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Sudan: NGO Policy Paper
Sudan: NGO Policy Paper
Date Distributed (ymd): 970116
Document reposted by WOA
POLICY PAPER ON THE SUDAN
The following paper has been issued by the Policy Committee of
the Sudan Working Group. (The Sudan Working Group is a
coalition of NGOs based in Washington DC, all of whom have a
strong interest in Sudan.)
This Policy Paper will be used as a framework for advocacy
work in the U.S. and meetings will be held for this purpose
beginning later this month. Key policy leaders will receive
a packet of materials on Sudan and have the Policy Paper
explained in personal meetings with representatives of the
supporting groups. Meetings will be held with policy leaders
from the U.S. Congress, the Department of State and the
National Security Council. Endorsements of the Policy Paper
are now being solicited from all groups with a particular
interest and concern for Sudan. To have your group added to
the list of endorsers please send a reply to: Fredericka
Jacob, email: firstname.lastname@example.org; fax 202-832-9051; phone
202-832-3412. Please respond by February 1, 1997.
SUDAN POLICY PAPER * SUDAN WORKING GROUP * JANUARY 1997
The crisis in Sudan is escalating on a number of fronts:
- The civil war continues to deepen:
- Human rights violations continue unabated;
- Reports of slavery are proliferating;
- The government maintains its regional destabilization
- Terrorists are housed and trained in Sudan;
- Instability and repression are increasing in the north; and
- Food and livelihood crises remain chronic in the south.
Despite the disparate efforts of concerned governments and
multilateral organizations, the crisis in Sudan continues to
deepen. A network of NGOs, religious organizations and
individuals has constituted the Sudan Working Group to discuss
policy options and develop this Strategy Paper for the U.S.
Government, other donor governments, the Organization of
African Unity (OAU), regional governments and NGOs.
The following recommendations are meant to be specific to the
Sudan, given the protracted nature of the internal war and the
regionalization of the conflict. They result from months of
consultations here in Washington, ideas which have been vetted
by a variety of groups within Sudan as well as by interested
organizations in Europe and Canada. The policy suggestions
also aim to coincide with the U.S. Government's Greater Horn
of Africa Initiative, which seeks to prevent the escalation of
1.1 The U.S. Government must progressively increase the
pressure on the Government of Sudan (GOS) through the UN
Security Council. Multilateral sanctions should be targeted at
the regime and its elite supporters. The limited air embargo
and other previously approved sanctions should be fully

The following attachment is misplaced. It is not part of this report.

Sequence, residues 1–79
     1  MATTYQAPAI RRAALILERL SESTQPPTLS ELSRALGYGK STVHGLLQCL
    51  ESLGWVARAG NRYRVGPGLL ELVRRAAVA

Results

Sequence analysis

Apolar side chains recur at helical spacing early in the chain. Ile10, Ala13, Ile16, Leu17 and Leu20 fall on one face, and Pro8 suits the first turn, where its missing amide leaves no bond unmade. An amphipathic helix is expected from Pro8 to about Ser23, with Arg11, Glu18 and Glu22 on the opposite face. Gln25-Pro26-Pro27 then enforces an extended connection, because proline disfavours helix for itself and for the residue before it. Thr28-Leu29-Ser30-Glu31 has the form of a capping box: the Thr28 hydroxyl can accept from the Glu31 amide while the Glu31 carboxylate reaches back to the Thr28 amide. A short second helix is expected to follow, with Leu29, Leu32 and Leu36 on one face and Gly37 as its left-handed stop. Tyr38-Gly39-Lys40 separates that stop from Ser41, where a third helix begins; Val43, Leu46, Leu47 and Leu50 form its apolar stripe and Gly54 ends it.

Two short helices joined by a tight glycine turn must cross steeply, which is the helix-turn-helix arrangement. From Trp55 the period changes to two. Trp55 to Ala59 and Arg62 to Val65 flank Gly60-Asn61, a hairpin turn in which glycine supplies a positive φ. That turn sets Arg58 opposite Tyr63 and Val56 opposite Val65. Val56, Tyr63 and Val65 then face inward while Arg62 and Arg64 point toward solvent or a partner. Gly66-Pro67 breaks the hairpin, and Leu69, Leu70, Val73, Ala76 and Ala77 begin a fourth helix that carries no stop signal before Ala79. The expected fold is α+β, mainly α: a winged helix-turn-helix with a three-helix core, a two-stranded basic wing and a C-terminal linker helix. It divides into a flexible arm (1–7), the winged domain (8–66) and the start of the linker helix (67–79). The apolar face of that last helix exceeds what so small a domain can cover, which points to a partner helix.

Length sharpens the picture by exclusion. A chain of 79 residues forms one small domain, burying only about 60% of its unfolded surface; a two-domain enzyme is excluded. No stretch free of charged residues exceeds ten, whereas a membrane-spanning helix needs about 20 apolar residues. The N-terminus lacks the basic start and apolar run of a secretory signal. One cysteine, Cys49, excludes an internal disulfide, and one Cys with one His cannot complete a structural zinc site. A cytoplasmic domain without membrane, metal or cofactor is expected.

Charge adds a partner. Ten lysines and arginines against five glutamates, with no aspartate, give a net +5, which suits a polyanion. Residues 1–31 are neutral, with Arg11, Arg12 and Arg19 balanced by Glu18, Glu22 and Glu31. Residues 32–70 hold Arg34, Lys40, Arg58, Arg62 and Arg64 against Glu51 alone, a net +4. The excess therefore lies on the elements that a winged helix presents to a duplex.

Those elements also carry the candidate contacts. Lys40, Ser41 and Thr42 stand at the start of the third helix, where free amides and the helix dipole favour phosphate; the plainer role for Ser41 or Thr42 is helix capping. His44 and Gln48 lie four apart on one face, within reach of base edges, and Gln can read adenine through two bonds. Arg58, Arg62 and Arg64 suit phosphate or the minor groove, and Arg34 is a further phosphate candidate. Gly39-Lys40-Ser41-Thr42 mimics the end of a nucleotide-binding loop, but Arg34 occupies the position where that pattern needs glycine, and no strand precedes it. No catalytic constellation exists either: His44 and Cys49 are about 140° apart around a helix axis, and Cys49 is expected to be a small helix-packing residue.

1.2 The UN should coordinate with the OAU on any further
1.3 The Arakis Corporation oil project in Sudan, if fully
funded and developed, would supply the GOS with the funds to
fuel the war, prop up a government labeled by the U.S. as a
terrorist nation, and undercut other international economic
pressures. Therefore, the U.S. government should insist, in
so far as it is applied to Sudan, on strict enforcement of
Section 321 of the Antiterrorism Act of 1996 (Public Law
104-132) which makes it a crime for U.S. persons or
corporations to engage in financial transactions with the
government of a country officially labeled as terrorist state.
The U.S. government should rescind the 8/23/96 Treasury
Department regulations, 31 CFR 596 Final Rule, which provide
an easy loophole for getting around the law and providing
financing for oil development and other GOS development
projects in Sudan.
2. Peace Negotiations
2.1 The Inter-Governmental Authority on Development (IGAD)
Declaration of Principles (DOP) -- which clearly defines the
future options in Sudan -- should be the basis and starting
point of any negotiations process for peace in Sudan. U.S.
policy should remain focused on a comprehensive peace based on
the DOP that incorporates all parties. Efforts to resolve the
internal war must not lose sight of the larger regional
2.2 Because of the GOS' divide and rule tactics, there remains
a potential for increased fighting between the dominant rebel
movement in the south (the SPLM/A) and the principal splinter
faction which holds much of the territory in Upper Nile
province (the SSIM/A). Further violence against civilian
populations will be caused by other GOS-supported militia
throughout the south. International pressure and diplomatic
effort should be expended to prevent the escalation of
intra-south fighting, which would cause great human
suffering, undercut peace efforts, and play directly into the
GOS' military and political strategy.